Claire Boreau loves being a florist. Early in the morning she haggles in Les Halles de Rungis for the finest flowers which she then combines in her studio into bouquets for herself and for leading fashion brands such as Kenzo, Vogue and Chanel. Many people consider Claire to be an artist, but she’s modest and understated. “My work is important, but not as important as that of an artist. I am merely a craftsman, and I like making attractive floral arrangements.”
LOVE OF THE CRAFT
Claire’s work is innovative and impressive with a distinctive and appealing character. Many people therefore consider her not just a florist, but also a floral artist. Claire is not particularly comfortable with that description. She considers musicians, poets and painters to be artists, not a hard-working florist who tries to do her work well. She got this sober and enterprising attitude from her family, who have been butchers for generations: “I spent my entire youth working in my parents’ butcher shop. There I learnt what hard work is, what persistence is and what fun it is to interact with customers. At the same time I also acquired a passion for literature and poetry, because my family loves it. They even called my granddad the ‘butcher poet’. These two influences taught me to respect both the hard-grafting working class and the artists and collectors from the banlieue.”
“But I do understand why people are increasingly viewing florists as artists,” says Claire. “Since the arrival of social media florists have many more opportunities to express themselves and show what they are making. The world of floristry has become far more visible, and florists therefore seem to be increasingly concerned about what their artworks look like the photo. I do the same myself. I don’t think that there are more florists than before. I simply think that other people have started to realise that flowers with all their colours, shapes and textures don’t just look beautiful in a vase, but can also serve as material for creating artwork. From that perspective florists do indeed increasingly resemble artists.”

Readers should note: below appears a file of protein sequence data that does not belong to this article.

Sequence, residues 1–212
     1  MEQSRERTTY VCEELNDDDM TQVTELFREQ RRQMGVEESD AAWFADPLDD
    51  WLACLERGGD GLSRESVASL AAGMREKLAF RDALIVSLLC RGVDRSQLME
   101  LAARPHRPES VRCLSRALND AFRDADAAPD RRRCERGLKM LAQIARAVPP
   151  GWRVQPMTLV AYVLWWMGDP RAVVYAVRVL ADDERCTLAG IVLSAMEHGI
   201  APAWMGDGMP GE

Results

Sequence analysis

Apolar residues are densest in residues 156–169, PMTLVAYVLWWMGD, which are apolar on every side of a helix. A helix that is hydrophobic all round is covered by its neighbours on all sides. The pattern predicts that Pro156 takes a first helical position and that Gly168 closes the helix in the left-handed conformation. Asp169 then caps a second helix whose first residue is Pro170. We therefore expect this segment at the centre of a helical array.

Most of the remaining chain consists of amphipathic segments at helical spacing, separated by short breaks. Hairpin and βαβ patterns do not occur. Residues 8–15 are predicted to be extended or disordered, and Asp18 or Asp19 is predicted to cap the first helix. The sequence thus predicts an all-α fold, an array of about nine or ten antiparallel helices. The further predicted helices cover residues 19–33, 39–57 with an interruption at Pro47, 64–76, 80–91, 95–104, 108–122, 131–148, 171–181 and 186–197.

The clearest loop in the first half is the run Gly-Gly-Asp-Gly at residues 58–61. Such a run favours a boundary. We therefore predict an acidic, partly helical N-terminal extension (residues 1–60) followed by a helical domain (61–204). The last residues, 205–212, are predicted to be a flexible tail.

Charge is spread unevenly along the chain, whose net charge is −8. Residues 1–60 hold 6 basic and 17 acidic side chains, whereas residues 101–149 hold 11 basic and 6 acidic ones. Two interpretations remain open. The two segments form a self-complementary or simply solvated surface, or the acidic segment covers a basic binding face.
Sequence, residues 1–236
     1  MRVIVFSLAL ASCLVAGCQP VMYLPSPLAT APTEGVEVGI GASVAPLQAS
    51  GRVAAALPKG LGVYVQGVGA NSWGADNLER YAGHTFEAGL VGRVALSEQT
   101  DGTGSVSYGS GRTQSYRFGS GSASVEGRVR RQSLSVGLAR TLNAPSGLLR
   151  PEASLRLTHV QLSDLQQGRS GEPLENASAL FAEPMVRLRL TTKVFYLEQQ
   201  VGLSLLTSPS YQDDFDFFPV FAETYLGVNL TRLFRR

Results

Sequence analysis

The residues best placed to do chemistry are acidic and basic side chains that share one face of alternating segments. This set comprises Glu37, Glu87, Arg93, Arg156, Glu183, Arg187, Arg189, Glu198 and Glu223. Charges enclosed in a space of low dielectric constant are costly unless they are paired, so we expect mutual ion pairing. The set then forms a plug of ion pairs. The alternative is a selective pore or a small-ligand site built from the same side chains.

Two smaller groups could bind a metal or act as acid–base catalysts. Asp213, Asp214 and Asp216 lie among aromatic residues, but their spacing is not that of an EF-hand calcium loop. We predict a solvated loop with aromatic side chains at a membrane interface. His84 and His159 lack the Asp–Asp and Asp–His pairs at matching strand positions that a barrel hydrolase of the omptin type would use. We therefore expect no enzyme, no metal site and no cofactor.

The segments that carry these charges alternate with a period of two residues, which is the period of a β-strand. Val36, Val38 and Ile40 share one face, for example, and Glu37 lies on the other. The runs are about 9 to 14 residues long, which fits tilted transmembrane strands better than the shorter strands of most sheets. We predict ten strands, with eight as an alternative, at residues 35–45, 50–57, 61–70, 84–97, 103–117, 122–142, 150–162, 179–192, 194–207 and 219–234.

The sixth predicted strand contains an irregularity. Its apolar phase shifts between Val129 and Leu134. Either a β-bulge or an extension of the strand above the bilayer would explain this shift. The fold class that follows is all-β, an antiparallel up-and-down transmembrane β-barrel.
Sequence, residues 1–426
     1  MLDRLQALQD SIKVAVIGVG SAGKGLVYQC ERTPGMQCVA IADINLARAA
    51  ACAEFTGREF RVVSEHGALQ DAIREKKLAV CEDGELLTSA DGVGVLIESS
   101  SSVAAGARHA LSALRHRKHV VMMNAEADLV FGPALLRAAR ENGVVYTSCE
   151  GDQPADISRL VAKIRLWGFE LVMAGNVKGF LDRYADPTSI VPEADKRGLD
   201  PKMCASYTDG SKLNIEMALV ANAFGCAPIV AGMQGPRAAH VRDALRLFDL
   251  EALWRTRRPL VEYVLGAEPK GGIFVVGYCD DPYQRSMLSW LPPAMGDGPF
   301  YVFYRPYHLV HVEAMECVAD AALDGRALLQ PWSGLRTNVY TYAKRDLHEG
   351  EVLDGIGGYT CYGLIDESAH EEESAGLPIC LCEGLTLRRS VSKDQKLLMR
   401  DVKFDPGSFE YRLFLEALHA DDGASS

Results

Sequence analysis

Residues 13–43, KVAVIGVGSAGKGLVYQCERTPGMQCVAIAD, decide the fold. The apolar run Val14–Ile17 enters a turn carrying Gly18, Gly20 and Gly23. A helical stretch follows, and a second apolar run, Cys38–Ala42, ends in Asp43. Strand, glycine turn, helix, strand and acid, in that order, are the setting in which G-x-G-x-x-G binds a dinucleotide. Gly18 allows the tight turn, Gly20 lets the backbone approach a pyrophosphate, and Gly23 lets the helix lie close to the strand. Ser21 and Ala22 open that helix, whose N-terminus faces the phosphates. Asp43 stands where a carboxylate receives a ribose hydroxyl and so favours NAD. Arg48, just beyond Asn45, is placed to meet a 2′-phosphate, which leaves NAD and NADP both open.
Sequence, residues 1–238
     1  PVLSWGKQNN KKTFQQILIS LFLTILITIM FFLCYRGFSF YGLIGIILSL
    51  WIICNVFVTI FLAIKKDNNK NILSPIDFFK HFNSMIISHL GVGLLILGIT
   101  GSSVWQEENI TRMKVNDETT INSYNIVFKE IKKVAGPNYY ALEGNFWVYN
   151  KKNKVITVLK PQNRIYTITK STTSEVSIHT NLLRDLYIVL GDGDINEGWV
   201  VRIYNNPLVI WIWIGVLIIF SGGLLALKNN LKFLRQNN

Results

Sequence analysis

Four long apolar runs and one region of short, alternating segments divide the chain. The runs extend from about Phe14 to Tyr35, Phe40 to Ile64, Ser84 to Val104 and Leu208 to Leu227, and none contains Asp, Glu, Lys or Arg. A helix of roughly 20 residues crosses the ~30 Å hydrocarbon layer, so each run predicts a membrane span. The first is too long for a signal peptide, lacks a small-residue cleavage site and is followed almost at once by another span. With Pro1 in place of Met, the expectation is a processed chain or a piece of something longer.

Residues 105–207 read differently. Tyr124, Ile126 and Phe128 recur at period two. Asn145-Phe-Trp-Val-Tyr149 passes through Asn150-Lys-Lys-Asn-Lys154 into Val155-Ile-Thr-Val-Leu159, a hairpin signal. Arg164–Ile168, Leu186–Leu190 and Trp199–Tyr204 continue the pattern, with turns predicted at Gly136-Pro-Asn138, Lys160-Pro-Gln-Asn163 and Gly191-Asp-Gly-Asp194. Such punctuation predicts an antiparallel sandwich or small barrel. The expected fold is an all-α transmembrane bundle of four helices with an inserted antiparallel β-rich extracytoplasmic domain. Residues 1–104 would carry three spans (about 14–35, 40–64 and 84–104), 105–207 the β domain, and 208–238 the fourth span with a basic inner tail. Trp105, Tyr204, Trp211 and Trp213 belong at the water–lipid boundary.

Every bouquet is unique. In its creation Claire allows herself to be led by emotions, poems and music. If she’s angry and unsettled, you will hear complex texts and she produces rough bouquets with strong colours. If she’s cheerful and relaxed, you will see romantic bouquets that have been produced to a jazzy soundtrack or passionate poetry. “When I’m making my bouquets I listen to music or poetry that fits with how I feel at that moment. This revives my emotions and I enter a state of mind from which I can create new work. I usually don’t know in advance what I’m going to make, but allow myself to be entirely guided by my feelings; the bouquets then create themselves.”
I really work from my heart, and believe that my bouquets then create themselves.
FASCINATED BY FLOWERS
Flowers only entered Claire’s heart later in life. It was thanks to a neighbour that Claire developed a love for flowers and plants: “I was living and working in Rome for two years, where my hippie neighbour asked whether I could look after her garden. Because I knew virtually nothing about plants and flowers she taught me all the basic techniques. I fell in love with everything to do with flowers, and became fascinated by the way in which flowers grow and can relate to one another. I suddenly realised the there was nothing I enjoyed more than working with flowers. I never wanted to sit behind a desk or screen again; I had to do work where I could use my hands and express my love of flowers. Being a florist turned out to be the perfect combination for me between craftsmanship, aesthetics and poetry.”
I had to do work where I could use my hands and express my love of flowers.
Clare obtained her diploma and found a job as a florist in Paris straightaway. Just before she was due to start her brother died unexpectedly. That greatly affected her and her family. Claire decided not to start her new job, but to set up her own flower shop Nue Paris in her grandfather’s old artist’s studio: “That was simultaneously a difficult and magical time. My brother’s death made me realise that life can be very short. I therefore felt very strongly that I should get the maximum out of my own life. I couldn’t fulfil that urge to express myself if I had to work for someone else. I had to be free. With Nue Paris that's possible. Nue, which means ‘naked’, is a way of saying: I am who I am. I am myself.”
Nue is a way of saying: I am who I am. I am myself.
Want to read other stories about the new generation of Parisian florists? Then take a look at the interview with Jefferson Fouquet.